Cloudflare is one the largest networks in the world, providing its services on both small websites and the largest organizations like Reddit. They boast over 25 million websites to which it provides security, content delivery, and performance. The service is best described as a Content Delivery Network (CDN) and reverse proxy. That may sound scary to those of you who are not technically proficient, but don’t worry, the beauty of Cloudflare is how easy it is to deploy on your blog or website.

How does a website work?

With a typical website setup, a visitor would enter your domain into their browser. Next, the browser looks up the connection information of your web server through a process called DNS. Finally, the browser directly connects to your web server and retrieves the webpage to show to the visitor. The browser is responsible for downloading everything needed to properly make your website display and be functional, including images, JavaScript, and various other resources. Many smaller websites only have a single or few web servers in a single location, which increases the load time of a user the farther they are from the webserver.

How does Cloudflare help?

Cloudflare sits between a visitor and your webserver. When a visitor tries to access your website by typing in your domain to their browser, they receive the connection information of Cloudflare instead of your web server. The visitor then connects to Cloudflare and its network connects to your webserver, allowing for their network to monitor and protect your website. This provides the following benefits:

  • Offloading work and lowered bandwidth consumption
    By caching a majority of static content (like pictures, JavaScript, and other website components that don’t often change) fewer requests are made to your web server, increasing the capacity it can serve.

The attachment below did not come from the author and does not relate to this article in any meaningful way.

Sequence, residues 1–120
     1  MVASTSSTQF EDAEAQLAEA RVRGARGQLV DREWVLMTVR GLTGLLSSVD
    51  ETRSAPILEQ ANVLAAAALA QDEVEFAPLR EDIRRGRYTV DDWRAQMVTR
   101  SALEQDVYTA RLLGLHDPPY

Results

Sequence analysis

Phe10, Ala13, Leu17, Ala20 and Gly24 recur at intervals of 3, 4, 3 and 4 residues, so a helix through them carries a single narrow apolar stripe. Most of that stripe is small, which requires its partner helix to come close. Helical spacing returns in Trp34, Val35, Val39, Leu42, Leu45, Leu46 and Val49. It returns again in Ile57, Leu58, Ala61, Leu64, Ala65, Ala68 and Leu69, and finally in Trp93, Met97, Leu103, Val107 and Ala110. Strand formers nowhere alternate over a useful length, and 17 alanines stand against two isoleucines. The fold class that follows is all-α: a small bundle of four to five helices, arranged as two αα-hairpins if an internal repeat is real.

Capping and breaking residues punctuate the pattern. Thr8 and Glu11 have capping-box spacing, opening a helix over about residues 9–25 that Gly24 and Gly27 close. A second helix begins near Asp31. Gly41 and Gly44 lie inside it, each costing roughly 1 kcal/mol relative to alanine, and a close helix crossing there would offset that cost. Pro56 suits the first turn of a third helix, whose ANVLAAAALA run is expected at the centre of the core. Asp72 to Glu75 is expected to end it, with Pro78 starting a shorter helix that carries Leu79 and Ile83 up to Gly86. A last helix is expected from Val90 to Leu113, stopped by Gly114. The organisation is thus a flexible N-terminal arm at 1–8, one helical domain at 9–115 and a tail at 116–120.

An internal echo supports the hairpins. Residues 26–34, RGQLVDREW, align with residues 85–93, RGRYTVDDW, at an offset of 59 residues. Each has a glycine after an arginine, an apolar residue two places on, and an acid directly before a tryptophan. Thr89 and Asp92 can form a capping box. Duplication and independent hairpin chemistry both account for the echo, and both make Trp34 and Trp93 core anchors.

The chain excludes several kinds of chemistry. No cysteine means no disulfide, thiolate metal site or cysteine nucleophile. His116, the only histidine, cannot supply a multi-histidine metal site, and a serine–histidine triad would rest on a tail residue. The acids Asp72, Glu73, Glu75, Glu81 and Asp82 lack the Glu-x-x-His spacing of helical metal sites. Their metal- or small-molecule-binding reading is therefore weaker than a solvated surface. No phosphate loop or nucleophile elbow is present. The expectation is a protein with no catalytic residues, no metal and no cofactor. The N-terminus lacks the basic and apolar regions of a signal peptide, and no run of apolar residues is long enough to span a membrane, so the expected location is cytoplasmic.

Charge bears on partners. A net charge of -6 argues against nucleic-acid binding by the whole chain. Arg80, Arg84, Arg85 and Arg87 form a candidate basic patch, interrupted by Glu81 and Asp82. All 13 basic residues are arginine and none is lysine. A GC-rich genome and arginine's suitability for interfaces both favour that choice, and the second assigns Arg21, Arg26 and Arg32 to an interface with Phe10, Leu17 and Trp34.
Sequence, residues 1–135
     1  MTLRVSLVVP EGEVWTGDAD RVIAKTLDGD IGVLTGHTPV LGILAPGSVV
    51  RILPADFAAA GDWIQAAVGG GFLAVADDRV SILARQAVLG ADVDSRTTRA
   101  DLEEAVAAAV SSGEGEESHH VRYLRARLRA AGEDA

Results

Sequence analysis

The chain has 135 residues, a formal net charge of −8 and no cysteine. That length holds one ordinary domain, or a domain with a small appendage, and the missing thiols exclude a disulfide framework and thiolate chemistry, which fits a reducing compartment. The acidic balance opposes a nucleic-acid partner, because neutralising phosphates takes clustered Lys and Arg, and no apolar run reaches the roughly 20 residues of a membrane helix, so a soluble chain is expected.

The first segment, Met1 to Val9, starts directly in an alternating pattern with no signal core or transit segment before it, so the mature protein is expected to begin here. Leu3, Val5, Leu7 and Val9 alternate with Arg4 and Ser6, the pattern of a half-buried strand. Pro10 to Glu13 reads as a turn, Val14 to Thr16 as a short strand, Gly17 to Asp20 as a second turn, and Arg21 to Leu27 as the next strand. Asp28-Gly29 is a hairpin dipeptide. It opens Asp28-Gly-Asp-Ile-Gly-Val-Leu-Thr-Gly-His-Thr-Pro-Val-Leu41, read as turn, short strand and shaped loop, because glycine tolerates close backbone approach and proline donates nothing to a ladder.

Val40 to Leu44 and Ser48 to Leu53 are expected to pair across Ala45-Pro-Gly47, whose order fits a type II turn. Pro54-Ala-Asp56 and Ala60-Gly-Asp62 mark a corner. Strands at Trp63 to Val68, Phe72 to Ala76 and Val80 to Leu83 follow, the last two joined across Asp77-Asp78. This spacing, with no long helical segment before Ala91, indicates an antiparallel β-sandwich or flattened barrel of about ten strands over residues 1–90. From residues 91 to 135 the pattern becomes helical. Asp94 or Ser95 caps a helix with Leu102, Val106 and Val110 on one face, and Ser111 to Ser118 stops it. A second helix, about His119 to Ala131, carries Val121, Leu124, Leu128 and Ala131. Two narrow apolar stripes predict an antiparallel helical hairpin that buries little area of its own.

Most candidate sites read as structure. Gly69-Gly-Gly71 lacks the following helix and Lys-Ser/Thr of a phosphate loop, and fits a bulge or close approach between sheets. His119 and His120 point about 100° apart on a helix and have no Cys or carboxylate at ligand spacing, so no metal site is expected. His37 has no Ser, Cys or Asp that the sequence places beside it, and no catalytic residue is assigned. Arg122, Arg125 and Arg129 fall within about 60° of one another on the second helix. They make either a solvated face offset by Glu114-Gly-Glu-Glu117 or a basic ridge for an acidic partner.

• Increase the loading speed of your website
    When Cloudflare caches static content, it distributes it across their network, allowing a user on the other side of the world from your webserver to receive the file as if the webserver was next door. In addition to caching, the network can optimize the path across the internet it uses to contact your web server, increasing the speed further than your website can do on its own.
  • Improve website security
    Cloudflare has a suite of security features that are easy to one-click deploy on your website. Their advanced network has learned a lot about what genuine traffic looks like, and what traffic from an attacker looks like. Cloudflare also has free protection against level 3 and level 7 DDoS attacks. Learn more about how to protect your WordPress blog here.

How to setup Cloudflare

This is the hardest part of deploying Cloudflare on your website, which is a good thing because it’s rather easy. You can follow this guide here for some more details.

  1. Create a Cloudflare account
  2. Add your domain
    1. On your dashboard, select “Add a Site”
    2. Enter your domain
    3. Cloudflare will try to discover your DNS records already setup, it can take a few moments for this process to complete
    4. Choose a plan level, the free plan has a great number of benefits, but you may want to consider a higher plan for increased flexibility and access to their custom Web Application Firewall.
    5. Cloudflare will display DNS records it believes your website utilizes, here you will want to ensure your A (and AAAA) records are pointing at the IP of your web server.
    6. Press continue
  3. Change your name servers. Login to the account of who you purchased your domain through. If you have difficulty finding the setting, your domain provider should be able to assist you. Change the name servers to the ones provided by Cloudflare.
  4. Sit back and wait! The domain propagation process takes a while to complete.
  5. You’re now on Cloudflare! You should receive an email containing the confirmation that your website is set up and ready to receive the benefits available.

Configure for speed

You should notice an immediate change in the speed of your website. It can take a short time for the system to begin caching your website. You may want to poke around a bit in the settings and enable things like brotli compression and auto-minify. Thank fully the dashboard is super organized, so you can find all settings related to speed under the speed tab.

If you are interested in furthering the security benefits attainable from Cloudflare, follow our security guide here.


*Cloudflare is a registered trademark of Cloudflare, Inc.* This website, and article, are not in affiliation with or endorsement, sponsorship, or support of Cloudflare.
-Images and trademark are utilized within the Cloudflare Trademark guidelines.